Screening for iron deficiency in early childhood using serum ferritin
CPS ePoster Library. Oatley H. Jun 1, 2017; 176659; 98
Dr. Hannah Oatley
Dr. Hannah Oatley
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Abstract
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Background: Iron deficiency peaks in prevalence in early childhood and is associated with poor neurodevelopmental outcomes which may be irreversible. The American Academy of Pediatrics recommends universal screening for anemia with measurement of hemoglobin at 12 months of age. There are two limitations to this strategy. First, hemoglobin lacks sensitivity and specificity for iron deficiency. Second, the optimal age for screening has not been studied. Our objective was to examine a screening strategy using serum ferritin (SF) and to determine the relationship between child age and SF levels.

Objectives: Our objective was to examine a screening strategy using serum ferritin (SF) and to determine the relationship between child age and SF levels.

Methods: Healthy children 12-36 months of age were recruited from a primary care research network. Blood samples for SF and C-reactive protein (CRP) were obtained during scheduled health supervision visits at 12, 15, 18, 24, or 36 months. We excluded children with CRP >10 mg/L. Restricted cubic spline (RCS) regression analysis was performed to test for a non-linear relationship between age and SF. Linear spline models were used to examine the rate of change between each age. Mean SF levels and the proportion of children with SF levels <12 µg/L were calculated for each age.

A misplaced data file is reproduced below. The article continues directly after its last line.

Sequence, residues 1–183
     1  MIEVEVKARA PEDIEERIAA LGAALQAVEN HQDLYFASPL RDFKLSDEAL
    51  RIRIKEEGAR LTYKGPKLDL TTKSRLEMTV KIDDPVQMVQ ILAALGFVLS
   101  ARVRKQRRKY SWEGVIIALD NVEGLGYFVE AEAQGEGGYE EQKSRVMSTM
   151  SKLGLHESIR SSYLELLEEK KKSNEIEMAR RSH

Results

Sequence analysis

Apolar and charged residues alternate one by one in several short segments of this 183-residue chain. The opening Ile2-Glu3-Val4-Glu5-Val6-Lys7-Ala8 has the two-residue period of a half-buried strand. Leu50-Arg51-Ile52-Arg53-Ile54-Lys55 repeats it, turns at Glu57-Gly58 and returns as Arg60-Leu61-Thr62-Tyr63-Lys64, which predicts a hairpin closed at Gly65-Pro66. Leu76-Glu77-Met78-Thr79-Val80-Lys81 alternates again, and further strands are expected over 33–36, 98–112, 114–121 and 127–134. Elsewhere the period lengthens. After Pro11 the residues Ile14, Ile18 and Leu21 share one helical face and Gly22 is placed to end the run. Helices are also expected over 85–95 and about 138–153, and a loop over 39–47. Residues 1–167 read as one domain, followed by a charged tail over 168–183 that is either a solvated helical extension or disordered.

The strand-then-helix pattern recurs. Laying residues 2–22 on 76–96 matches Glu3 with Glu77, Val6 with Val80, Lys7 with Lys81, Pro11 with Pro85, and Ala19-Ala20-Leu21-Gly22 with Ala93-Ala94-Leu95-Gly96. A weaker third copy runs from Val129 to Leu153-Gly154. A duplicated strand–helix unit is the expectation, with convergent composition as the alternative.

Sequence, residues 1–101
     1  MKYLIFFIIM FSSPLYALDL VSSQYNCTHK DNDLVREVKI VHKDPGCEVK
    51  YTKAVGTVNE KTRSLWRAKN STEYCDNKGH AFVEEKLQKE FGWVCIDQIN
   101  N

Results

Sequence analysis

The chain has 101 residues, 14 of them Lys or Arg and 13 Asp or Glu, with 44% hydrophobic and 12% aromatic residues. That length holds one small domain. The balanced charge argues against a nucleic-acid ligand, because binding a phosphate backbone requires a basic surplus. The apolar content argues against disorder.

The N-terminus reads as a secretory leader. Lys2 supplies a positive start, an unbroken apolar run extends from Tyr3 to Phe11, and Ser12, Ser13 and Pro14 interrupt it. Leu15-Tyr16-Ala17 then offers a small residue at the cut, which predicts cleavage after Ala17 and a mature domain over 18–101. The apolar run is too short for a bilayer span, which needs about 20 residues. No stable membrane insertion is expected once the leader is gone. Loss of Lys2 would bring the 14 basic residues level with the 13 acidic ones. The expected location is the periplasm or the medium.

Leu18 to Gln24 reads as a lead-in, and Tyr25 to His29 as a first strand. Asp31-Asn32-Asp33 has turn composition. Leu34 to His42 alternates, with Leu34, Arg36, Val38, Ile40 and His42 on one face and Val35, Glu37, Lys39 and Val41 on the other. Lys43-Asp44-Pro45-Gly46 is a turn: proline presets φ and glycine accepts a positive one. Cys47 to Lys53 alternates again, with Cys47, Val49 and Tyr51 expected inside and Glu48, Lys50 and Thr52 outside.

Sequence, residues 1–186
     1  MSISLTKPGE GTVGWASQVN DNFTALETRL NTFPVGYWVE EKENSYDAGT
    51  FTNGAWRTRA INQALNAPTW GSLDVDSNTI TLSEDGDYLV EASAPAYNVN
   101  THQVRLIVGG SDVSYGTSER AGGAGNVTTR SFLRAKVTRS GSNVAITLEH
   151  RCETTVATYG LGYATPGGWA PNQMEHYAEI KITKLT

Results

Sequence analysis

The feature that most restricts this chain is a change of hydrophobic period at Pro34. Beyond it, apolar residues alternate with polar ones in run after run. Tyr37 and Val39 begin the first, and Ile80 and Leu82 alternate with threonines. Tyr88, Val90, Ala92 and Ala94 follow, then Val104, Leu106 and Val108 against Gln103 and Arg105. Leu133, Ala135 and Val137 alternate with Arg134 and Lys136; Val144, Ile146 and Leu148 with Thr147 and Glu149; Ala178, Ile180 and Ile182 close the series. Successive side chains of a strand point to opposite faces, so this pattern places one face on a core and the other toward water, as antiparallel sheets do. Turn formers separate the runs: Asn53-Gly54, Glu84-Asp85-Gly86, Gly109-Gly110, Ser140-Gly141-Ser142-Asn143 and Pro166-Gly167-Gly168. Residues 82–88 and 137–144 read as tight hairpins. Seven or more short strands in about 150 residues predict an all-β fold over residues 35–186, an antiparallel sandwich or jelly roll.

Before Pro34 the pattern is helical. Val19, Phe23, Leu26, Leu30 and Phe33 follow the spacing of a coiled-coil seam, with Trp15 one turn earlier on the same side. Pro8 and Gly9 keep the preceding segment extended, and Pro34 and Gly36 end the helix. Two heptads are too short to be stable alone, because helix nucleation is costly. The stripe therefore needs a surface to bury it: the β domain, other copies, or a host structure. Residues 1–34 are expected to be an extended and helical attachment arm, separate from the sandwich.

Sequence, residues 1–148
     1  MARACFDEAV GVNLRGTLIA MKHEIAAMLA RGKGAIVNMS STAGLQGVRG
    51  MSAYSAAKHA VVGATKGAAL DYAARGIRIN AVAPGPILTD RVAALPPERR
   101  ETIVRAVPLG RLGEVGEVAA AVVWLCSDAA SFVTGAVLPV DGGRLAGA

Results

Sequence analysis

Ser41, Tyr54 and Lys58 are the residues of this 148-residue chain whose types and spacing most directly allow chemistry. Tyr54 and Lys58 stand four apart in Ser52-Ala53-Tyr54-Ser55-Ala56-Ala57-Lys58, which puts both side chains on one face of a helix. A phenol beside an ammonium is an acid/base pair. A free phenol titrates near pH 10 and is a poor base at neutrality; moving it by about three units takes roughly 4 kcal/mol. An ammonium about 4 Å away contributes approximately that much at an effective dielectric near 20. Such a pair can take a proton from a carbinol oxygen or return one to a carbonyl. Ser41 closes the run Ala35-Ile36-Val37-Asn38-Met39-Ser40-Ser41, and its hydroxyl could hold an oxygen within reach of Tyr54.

Results: 1470 children met eligibility and were included in the analysis; 48% were females. 28 children (2%) were excluded due to elevated CRP. The RCS regression analysis confirmed a U-shaped non-linear relationship between age and SF. SF was highest at 12 months, reached the lowest inflection point at approximately 20 months, and rose again to 36 months. The linear spline models showed that from 12-15 months, for each 1-month increase in age, SF decreased by 11.5% (p<0.0001); the rate of change was not significant from 15-18 months (p=0.3) or from 18-24 months (p=0.3); from 24 to 36 months, for each 1-month increase in age, SF increased by 1.95% (p<0.0001). At each age, the SF mean (+ SD) and proportion with <12 µg/L were:

Age Mean (+ SD) Ferritin % Ferritin <12 µg/L
12 months 33 (21) 6.6%
15 months 24 (15) 20.0%
18 months 25 (18) 18.2%
24 months 24 (15) 19.2%
36 months 28 (14) 6.3%

Conclusion: Our analysis suggests that measuring serum ferritin at the 15- or 18-month health supervision visit may be a more promising screening strategy to identify children with iron deficiency. Additionally, despite concerns that SF is an acute phase reactant, very few children were excluded due to an elevated CRP.

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